Southern Europeans are more genetically diverse than Northern Europeans. Geneticists have several different explanations for this phenomenon, one of which is migration from Africa to southern Europe. However, previous studies, which have relied on samples from sub-Saharan populations, have not revealed much shared ancestry between Africans and Europeans. Recognizing that there are many genetic differences between Northern and sub-Saharan Africans, Carlos Bustamante of Stanford University and his colleagues performed a DNA analysis that included North African populations. The study, published in the Proceedings of the National Academy of Sciences, shows high levels of shared ancestry between Southern Europeans and North Africans.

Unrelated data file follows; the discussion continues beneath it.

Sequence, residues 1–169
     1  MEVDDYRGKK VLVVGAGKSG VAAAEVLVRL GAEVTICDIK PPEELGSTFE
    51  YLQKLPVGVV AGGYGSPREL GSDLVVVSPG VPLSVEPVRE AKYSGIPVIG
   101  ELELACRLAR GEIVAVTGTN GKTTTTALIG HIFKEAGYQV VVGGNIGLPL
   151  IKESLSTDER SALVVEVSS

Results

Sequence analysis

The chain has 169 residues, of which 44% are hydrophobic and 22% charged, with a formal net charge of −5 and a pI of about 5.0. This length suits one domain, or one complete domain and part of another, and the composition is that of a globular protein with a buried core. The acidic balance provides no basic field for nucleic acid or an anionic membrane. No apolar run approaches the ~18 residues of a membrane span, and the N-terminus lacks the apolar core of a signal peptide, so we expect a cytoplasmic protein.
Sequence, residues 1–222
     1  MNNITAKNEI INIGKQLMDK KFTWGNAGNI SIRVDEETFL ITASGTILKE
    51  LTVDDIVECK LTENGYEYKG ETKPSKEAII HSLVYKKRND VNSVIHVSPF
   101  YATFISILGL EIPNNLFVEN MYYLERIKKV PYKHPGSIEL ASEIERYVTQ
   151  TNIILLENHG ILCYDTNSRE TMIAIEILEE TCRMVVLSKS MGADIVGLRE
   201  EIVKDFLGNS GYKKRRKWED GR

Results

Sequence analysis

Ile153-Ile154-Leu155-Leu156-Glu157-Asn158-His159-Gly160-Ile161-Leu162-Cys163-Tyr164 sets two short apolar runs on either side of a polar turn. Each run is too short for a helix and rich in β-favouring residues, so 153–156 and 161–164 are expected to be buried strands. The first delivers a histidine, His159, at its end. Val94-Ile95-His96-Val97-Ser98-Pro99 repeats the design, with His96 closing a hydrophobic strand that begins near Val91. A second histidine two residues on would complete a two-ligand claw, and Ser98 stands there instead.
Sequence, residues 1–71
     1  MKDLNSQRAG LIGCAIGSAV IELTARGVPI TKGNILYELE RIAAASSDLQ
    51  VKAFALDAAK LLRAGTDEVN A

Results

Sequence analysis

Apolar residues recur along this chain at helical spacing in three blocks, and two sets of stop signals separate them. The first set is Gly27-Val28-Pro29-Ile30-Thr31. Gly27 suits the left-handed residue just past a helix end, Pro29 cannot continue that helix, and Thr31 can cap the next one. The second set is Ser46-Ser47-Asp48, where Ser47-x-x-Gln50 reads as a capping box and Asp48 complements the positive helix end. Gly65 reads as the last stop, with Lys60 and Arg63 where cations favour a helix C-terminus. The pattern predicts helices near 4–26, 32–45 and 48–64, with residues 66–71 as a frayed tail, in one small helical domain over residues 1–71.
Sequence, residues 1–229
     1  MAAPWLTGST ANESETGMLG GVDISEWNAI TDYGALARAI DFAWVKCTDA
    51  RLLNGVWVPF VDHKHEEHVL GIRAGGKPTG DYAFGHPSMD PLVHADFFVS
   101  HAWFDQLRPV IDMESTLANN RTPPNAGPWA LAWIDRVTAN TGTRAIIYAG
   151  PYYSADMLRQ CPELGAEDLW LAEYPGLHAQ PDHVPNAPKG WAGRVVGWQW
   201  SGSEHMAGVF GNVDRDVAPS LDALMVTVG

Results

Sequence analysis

Population geneticists have formulated three hypotheses to explain the greater genetic diversity of Southern Europeans. One says that about 20,000 years ago, people from all over Europe retreated southward to escape advancing glaciers. When the glaciers receded, only a small segment of the original population recolonized the North.
A second explanation, associated with the Neolithic revolution and the development of agriculture in the Near East, about 10,000 years ago, is that people from the Near East migrated westward to Europe, with gene flow varying in different parts of the continent.
The third hypothesis says that Southern Europe’s high genetic diversity was caused by recent migration from Africa to Southern Europe, related to the Roman conquest of North Africa and the Moorish occupation of the Iberian peninsula. However, previous studies suggested that Europeans and Africans share only between 1 and 3 percent of their genomes, making this scenario unlikely.
Read more at: Phys.org